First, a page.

However, Courts have held that an innocent misstatement or error, absent of fraud, does not invalidate the copyright. In Wales Industrial Inc. v. Hasbro Bradley, Inc., 612 F.Supp. 510, 515 (S.D.N.Y.1985), the Court held that where an exclusive licensee erroneously identified itself on the copyright registration as the ‘copyright claimant,’ that the alleged error didn’t invalidate the registration. Once a Court determines that an error was innocent, it will look to see if the error was immaterial. An error is immaterial if its discovery is not likely to have resulted in the Copyright Office’s rejection of the application for copyright registration. Consequently, in most cases, innocently identifying the wrong copyright claimant on an application for copyright registration will not invalidate the copyright registration or certificate of registration.

In any case, it is important for the publisher, studio, or producer to make sure that if it intends to transfer all rights in a copyright from an author to itself that it has a written agreement between the author and itself which includes the necessary language to confer all rights in the copyright. Such a written agreement is required as set forth under Section 204 of the Copyright Act to constitute a valid transfer and will allow the publisher, studio, or producer to mark itself as claimant in the application for copyright registration. This will help avoid unnecessary litigation and its associated expenses arising out of the validity of the copyright registration and whether the misstatement of identify to the copyright claimant was fraudulent and material or simply an innocent and immaterial error.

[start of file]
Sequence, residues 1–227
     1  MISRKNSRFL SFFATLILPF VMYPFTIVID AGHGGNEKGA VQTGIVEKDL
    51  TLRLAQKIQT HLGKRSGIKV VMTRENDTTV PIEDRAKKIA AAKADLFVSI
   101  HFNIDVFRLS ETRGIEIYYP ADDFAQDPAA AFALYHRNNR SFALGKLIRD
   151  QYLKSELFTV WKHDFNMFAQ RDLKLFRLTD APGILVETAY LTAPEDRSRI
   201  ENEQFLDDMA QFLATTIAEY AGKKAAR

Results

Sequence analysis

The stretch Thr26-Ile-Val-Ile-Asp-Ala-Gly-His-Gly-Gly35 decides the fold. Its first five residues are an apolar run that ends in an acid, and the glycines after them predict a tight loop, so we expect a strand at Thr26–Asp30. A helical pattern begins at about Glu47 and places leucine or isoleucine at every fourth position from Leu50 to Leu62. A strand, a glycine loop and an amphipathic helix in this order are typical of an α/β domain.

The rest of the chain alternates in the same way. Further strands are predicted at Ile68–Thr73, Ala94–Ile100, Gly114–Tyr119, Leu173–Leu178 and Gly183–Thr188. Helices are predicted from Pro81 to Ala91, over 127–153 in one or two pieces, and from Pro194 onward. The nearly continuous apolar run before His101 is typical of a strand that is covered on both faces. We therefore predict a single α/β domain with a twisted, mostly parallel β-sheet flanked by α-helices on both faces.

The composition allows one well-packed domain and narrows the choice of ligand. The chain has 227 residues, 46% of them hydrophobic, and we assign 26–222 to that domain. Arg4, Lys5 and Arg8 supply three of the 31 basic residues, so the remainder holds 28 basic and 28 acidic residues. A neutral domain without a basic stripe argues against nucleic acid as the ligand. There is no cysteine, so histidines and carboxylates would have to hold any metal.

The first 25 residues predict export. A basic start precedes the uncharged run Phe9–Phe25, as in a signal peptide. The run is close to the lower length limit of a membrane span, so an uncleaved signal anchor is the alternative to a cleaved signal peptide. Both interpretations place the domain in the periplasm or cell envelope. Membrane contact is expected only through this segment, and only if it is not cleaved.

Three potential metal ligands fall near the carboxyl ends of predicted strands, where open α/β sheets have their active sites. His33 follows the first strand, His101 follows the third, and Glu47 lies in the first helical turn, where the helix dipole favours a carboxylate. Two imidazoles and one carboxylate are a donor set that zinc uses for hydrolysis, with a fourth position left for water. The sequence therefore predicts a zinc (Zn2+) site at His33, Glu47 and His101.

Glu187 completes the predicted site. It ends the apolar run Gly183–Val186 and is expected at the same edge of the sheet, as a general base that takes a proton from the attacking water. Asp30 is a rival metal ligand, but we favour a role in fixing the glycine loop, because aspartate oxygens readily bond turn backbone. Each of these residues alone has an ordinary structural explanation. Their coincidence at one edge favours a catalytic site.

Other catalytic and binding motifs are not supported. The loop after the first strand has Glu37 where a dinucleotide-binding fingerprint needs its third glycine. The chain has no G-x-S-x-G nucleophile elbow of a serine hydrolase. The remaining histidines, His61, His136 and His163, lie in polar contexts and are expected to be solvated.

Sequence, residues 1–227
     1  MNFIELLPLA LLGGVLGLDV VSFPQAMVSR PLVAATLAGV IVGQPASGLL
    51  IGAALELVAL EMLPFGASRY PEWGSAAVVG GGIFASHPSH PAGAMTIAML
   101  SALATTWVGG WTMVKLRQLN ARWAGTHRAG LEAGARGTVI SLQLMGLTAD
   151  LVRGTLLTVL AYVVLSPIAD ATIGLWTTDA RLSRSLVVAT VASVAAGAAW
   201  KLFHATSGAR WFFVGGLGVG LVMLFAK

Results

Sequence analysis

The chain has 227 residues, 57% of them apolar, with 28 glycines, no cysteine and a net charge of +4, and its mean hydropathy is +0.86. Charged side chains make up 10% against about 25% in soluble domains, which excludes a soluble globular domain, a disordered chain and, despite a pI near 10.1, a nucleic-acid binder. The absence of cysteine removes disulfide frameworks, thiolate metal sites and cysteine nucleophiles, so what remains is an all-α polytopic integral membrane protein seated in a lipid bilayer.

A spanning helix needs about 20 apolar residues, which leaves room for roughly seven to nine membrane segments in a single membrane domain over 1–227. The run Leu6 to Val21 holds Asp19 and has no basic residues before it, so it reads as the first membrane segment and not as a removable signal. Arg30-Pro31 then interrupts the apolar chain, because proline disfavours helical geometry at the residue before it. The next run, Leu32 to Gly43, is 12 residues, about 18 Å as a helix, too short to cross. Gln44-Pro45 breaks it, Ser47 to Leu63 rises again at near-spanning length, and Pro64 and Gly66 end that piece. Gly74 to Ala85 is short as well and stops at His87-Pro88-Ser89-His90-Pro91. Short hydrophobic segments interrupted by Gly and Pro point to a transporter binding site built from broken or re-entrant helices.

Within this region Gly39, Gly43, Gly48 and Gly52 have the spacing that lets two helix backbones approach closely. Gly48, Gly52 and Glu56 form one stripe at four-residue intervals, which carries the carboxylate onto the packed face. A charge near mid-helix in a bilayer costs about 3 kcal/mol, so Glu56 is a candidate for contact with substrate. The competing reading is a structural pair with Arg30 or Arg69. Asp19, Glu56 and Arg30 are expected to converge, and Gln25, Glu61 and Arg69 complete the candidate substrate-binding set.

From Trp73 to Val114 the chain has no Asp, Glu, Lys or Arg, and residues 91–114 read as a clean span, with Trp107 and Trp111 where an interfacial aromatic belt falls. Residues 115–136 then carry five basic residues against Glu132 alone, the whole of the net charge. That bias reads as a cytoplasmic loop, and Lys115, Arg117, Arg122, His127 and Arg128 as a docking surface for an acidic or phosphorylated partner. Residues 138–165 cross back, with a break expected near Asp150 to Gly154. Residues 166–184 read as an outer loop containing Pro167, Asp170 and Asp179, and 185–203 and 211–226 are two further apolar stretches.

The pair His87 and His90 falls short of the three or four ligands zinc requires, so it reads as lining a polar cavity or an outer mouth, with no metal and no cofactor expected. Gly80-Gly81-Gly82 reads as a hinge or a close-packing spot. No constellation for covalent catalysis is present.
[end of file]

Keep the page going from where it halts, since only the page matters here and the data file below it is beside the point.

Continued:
Artists, Musicians, Bands: Protect Your Personal Wealth through a Virginia Limited Liability Company

Many artists, musicians, and bands work to build their name, brand, and network the same way any business would.  When analyzed from a legal prospective, many of these same artists, musicians, and bands are working under an assumed or fictitious name and often operate as either a sole proprietor or, in the case of bands with multiple musicians, a partnership or, at the very least, a de facto partnership. In Virginia, whether you operate as a sole proprietorship or partnership, no person or partnership shall conduct or transact business in Virginia under any assumed or fictitious name unless such person or partnership signs and acknowledges a certificate with the statutory requisite information. See Virginia code § 59.1-69. Failure to comply with this statutory requirement may result in a fine of up to $2,500 or up to a year in jail, or both.